How hand drawn images are so useful
In an earlier post (The Power of Comic Books!!) I talked about an interview with a Keegan Lannon, a Ph.D. student studying the value of comic books. This was accompanied with a video of the interview.
In the video Keegan states
Then I stumbled across an interesting piece that validates this.
In Rough and Hand-drawn: Alive and Inviting Tom Benthin talks about how, when compared to computer created images,
How this can be useful for Business Analysis
In Business Analysis you are often trying to describe something to your stakeholders. When you are working with stakeholders at the beginning of the process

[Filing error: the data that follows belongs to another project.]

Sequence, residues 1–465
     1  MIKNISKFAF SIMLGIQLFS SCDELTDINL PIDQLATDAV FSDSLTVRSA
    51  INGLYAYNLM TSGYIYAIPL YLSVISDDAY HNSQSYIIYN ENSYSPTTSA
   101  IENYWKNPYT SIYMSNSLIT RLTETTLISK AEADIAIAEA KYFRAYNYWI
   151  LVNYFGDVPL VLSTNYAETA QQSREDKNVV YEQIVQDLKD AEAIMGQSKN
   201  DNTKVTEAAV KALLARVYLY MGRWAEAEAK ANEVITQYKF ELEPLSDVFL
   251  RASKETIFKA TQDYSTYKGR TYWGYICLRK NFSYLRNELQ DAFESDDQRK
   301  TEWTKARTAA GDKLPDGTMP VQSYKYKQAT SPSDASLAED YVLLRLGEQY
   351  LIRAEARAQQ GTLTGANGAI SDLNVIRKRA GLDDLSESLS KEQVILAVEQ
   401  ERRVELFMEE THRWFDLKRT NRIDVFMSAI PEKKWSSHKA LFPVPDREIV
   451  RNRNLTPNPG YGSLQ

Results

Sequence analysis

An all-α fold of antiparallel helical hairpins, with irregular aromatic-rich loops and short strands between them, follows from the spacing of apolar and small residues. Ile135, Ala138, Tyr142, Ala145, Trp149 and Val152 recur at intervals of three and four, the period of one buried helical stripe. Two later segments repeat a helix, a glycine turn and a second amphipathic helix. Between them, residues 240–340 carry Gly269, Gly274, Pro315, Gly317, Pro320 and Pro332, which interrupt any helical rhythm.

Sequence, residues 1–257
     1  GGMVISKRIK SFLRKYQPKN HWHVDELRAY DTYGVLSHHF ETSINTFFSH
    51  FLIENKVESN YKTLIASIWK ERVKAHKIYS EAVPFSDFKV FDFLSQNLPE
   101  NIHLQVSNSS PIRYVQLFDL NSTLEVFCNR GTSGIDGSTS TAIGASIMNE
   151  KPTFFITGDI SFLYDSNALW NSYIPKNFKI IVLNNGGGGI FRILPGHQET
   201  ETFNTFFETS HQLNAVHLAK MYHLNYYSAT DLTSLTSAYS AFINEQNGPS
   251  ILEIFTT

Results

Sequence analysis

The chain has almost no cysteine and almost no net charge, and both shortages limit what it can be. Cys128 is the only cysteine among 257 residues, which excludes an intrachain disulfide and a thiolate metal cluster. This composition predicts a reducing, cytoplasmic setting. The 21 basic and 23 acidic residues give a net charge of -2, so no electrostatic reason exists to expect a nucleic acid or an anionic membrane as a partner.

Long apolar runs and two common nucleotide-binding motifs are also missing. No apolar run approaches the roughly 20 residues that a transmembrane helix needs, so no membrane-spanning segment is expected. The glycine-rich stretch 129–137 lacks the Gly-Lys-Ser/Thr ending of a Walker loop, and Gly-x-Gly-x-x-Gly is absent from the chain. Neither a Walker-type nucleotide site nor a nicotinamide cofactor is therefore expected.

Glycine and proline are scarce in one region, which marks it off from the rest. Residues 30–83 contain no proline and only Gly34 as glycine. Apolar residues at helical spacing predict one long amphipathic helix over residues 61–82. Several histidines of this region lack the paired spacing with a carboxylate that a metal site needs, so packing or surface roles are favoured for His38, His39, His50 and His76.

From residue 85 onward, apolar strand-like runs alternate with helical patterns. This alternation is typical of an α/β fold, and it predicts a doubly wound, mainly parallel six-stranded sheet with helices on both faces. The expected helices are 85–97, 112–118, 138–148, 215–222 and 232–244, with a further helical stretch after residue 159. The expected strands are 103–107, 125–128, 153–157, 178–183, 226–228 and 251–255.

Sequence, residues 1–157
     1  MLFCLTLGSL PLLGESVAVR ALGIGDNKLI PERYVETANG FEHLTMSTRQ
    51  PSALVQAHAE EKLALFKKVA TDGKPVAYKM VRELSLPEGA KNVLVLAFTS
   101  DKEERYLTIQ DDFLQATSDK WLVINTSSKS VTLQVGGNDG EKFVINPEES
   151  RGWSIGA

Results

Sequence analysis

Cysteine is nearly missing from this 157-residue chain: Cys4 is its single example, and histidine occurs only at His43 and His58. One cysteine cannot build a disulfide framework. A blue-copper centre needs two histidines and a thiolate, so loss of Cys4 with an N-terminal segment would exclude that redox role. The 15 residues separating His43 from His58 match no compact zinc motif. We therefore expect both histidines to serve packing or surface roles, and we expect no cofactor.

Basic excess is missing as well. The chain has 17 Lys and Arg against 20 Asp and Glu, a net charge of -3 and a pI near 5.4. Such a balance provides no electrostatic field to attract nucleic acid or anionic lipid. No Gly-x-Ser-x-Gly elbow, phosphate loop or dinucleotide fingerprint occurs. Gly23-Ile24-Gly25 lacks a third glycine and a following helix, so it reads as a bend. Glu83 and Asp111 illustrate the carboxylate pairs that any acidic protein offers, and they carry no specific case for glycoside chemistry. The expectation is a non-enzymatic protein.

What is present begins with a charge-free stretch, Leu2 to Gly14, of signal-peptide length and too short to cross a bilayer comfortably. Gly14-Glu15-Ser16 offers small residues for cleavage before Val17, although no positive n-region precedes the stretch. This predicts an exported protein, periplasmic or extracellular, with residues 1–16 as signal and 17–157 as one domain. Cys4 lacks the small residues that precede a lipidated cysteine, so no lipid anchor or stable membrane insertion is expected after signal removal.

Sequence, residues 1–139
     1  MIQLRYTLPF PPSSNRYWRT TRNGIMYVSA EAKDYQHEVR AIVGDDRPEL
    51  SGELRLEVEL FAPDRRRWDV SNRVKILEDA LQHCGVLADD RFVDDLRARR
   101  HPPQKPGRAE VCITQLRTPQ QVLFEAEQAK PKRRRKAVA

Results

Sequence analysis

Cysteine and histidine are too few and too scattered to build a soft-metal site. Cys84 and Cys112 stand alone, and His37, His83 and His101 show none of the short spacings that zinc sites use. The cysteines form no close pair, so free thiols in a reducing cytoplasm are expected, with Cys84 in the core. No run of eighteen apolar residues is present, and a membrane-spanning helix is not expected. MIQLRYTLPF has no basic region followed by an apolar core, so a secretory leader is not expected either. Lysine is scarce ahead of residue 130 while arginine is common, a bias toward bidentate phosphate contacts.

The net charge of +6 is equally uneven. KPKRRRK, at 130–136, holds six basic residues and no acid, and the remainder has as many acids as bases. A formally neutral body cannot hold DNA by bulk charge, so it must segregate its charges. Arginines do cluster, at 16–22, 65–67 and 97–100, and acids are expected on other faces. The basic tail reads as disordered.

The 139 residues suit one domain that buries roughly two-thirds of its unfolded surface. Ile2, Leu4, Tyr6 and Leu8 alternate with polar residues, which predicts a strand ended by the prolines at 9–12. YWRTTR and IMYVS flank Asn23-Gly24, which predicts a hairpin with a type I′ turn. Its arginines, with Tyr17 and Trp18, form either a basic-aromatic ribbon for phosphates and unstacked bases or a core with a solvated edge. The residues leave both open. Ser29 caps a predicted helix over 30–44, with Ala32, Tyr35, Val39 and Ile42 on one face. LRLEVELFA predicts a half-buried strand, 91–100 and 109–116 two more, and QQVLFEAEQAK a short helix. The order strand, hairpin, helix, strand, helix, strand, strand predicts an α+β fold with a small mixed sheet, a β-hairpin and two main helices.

When you are working with stakeholders at the beginning of the process, you are trying to find out what “the real problem” is. You’ll often draw a stickman to represent “the user”, or similar. Think of flow diagrams.
After you have worked through all your findings, you present your work to the client or stakeholders. And often you’ll use a diagram that represents your understanding. Examples of this include Use Cases, Activity diagrams, etc.
In each case, the actor is represented by a “hand drawn” image, or stick figure.
Taking into account, what Lannon stated above, you now realise that there is more to a stick figure…
- How Digital Comics Change The Way Comic Books Are Drawn – And Imagined (gizmodo.com.au)
- 26 Ways to Use Comics in the Classroom and 5 Free Tools for Creating Comics (freetech4teachers.com)